The Cooperative Cooperages of Minneapolis

Between 1874 and 1931 a cluster of cooperative cooperages - barrel factories - operated in Minneapolis.  Entering early to the market for flour barrels in what became the largest wheat processing city in the U.S., the cooperatives were a majority of the local industry in the 1880s before being shaken by increased competition, mechanization, and a dwindling market.  The first successful cooperative was given contracts from a sympathetic industrialist, Charles Pillsbury, namesake of the contemporary Pillsbury Company.


During their peak the success of the cooperages inspired the Knights of Labor to champion worker cooperatives and support the creation of dozens of enterprises with a utopian vision for the working class.  However, unable to adapt to the changing industry, the cooperatives did not maintain solidarity.  The longest running  firm, the North Star Barrel Company, operated for an impressive 53 years, but was the least interested in federating with the others as conditions declined, and took contracts from millers that refused to pay the rates demanded by the federated coopers.  At a peak of 14 cooperative cooperages, the number declined to 7 by 1886, to 3 by 1905, and to 1 in 1924 that ceased operation in 1931.  The most productive shop was able to sell 650,000 barrels a year in the first years of the 1900s.  20 years later they could only sell  5% of that, in part because flour was increasingly packaged in jute and cotton bags.   


The most successful of the cluster contradict many negative assumptions about worker cooperatives - that they cannot be profitable, lasting, provide job security, or experience significant growth.  The largest cooperative grew to 120 members.  While workers voluntarily reduced wages during the depression of the 1870s, the 1880s provided better wages and job security than at non-cooperative firms.  The cooperages also earned respect in the business community and had good credit at local banks.  By 1886 most of the cooperative coopers were able to own homes.  They also employed an unusually diverse mix of German, Norwegian, Swedish,  Irish, and "a few Italian" workers.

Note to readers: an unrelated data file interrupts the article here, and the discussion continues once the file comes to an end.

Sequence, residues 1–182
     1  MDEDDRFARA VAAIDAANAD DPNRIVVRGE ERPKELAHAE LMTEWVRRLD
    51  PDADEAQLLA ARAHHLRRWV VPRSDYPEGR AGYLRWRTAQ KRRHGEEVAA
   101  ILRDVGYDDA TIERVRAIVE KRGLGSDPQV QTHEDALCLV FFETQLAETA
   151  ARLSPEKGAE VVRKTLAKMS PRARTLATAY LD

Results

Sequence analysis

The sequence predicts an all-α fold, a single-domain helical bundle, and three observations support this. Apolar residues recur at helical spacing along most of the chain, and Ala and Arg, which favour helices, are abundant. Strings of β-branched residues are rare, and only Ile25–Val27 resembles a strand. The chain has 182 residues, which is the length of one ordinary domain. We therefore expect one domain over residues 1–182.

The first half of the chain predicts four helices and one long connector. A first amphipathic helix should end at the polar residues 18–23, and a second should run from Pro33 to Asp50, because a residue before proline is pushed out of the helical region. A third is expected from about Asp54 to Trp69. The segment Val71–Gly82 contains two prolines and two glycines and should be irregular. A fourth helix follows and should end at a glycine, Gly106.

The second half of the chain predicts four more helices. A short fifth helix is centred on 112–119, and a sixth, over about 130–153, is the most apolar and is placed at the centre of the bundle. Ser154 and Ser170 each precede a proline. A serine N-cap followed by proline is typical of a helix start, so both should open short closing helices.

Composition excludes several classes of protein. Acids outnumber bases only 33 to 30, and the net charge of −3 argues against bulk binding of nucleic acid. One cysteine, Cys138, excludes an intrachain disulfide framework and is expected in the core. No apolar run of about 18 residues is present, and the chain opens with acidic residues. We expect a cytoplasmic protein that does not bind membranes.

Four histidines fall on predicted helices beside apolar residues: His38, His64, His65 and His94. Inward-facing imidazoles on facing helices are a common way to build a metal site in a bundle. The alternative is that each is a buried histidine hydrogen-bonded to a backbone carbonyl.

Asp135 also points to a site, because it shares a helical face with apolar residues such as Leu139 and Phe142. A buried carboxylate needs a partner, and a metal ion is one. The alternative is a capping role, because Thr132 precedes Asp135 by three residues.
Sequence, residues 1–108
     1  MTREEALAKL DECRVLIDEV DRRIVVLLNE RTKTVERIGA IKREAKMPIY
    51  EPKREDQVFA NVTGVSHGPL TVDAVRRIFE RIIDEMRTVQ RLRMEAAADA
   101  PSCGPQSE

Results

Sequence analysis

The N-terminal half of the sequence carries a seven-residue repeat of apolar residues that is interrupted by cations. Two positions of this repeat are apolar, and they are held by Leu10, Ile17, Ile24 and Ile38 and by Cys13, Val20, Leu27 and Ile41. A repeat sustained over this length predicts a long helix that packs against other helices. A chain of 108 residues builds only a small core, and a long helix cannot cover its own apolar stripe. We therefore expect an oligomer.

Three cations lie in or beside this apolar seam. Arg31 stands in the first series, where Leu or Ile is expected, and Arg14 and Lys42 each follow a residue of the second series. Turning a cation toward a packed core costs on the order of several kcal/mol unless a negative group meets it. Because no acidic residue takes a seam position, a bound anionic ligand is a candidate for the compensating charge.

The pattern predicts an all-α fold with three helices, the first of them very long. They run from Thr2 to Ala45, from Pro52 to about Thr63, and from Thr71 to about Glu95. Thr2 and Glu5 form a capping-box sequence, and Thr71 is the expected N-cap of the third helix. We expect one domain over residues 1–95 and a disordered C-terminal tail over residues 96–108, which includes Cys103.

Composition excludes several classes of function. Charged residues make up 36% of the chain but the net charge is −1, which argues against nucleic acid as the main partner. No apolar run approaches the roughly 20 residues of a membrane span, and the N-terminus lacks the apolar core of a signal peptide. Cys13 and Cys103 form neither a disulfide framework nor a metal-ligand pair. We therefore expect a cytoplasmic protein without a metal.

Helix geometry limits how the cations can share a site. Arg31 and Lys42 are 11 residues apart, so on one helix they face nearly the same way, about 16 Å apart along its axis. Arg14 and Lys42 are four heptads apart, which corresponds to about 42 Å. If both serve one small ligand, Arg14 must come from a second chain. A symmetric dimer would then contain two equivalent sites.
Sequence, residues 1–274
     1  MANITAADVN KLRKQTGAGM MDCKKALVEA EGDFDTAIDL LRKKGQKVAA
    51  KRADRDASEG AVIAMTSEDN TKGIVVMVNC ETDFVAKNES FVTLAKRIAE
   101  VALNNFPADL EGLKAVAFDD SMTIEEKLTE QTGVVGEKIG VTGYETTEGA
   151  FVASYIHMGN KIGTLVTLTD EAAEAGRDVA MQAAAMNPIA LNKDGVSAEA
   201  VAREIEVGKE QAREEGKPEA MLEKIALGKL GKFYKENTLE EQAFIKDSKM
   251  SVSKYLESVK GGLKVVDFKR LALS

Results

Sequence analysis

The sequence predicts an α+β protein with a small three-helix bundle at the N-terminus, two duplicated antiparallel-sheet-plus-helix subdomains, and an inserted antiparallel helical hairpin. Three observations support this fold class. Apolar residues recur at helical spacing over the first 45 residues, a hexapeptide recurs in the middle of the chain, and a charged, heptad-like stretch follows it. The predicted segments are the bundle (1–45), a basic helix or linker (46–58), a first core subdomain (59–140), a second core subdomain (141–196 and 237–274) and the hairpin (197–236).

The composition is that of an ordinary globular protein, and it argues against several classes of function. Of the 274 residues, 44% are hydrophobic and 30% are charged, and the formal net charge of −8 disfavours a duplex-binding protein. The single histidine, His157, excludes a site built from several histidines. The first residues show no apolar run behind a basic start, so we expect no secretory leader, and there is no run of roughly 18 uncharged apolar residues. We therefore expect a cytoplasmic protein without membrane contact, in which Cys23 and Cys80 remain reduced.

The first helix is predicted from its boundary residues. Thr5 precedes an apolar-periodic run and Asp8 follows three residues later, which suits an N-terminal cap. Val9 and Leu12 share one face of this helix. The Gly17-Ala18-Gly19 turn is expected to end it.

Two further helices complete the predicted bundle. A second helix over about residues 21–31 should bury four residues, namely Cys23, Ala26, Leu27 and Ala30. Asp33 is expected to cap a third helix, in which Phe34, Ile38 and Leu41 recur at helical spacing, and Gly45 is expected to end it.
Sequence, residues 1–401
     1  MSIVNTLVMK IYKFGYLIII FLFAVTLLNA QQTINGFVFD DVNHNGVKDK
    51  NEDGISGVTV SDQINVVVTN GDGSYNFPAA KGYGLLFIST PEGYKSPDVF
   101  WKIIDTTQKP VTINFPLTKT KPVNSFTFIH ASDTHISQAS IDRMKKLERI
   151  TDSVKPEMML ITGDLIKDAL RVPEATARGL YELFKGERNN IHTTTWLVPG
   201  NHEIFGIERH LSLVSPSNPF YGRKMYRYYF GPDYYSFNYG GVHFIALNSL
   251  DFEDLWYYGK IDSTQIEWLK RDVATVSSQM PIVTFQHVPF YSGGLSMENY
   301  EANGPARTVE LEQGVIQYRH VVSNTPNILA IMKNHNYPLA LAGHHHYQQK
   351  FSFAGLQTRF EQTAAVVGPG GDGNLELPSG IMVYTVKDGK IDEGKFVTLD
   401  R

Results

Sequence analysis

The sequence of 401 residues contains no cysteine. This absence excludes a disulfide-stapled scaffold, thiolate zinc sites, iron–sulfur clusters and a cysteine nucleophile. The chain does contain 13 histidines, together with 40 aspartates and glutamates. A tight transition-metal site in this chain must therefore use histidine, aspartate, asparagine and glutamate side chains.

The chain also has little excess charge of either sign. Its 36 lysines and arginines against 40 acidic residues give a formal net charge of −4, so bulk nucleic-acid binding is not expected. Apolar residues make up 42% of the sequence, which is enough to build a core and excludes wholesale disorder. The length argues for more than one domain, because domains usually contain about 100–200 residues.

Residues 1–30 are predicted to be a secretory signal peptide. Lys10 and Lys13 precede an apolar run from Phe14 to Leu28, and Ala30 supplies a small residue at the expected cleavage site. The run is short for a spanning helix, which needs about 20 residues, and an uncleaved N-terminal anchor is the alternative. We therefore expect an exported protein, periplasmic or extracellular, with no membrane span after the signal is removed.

While the cluster's initial organization has been classified as one of the "most cooperative" in pre-1950 American cooperative history, the longest surviving cooperatives experienced classic  patterns of democratic degeneration.  While they maintained a one-member-one-vote democratic process, they bought out retiring and withdrawing members without bringing new members in, concentrating ownership.  When the firms did accept the mechanization of some parts of their craft, they employed machine operators who where not offered  membership.  Members, many of whom retired in their late 60s or 70s, did not adapt well to producing a new line of goods as markets declined.  One company began to make butter tubs late in their history. 


Steve Leiken's excellent historical account illuminates some of the contradictions between the cooperatives and broad working-class organizing.  The secretary of one of the cooperatives in 1881 advocated that "labor creates all dividends," that cooperatives offer every worker an otherwise unattainable "practical business education," that workers can elect the use of the finest materials, and that "the cooperative system relieves all who embrace it from the tyranny of unscrupulous bosses."  Left ambiguous is any responsibility to working-class solidarity in general.  One conflict of interest was the need by unionized journeymen for the cooperatives to stop taking contracts during the journeymen's strikes, sometimes jeopardizing the viability of the cooperatives and with it members' economic security.  Conflicts were amplified because of the erratic and shrinking market.    



Barrels in Minneapolis in 1888.  Image is from Leiken, 2002.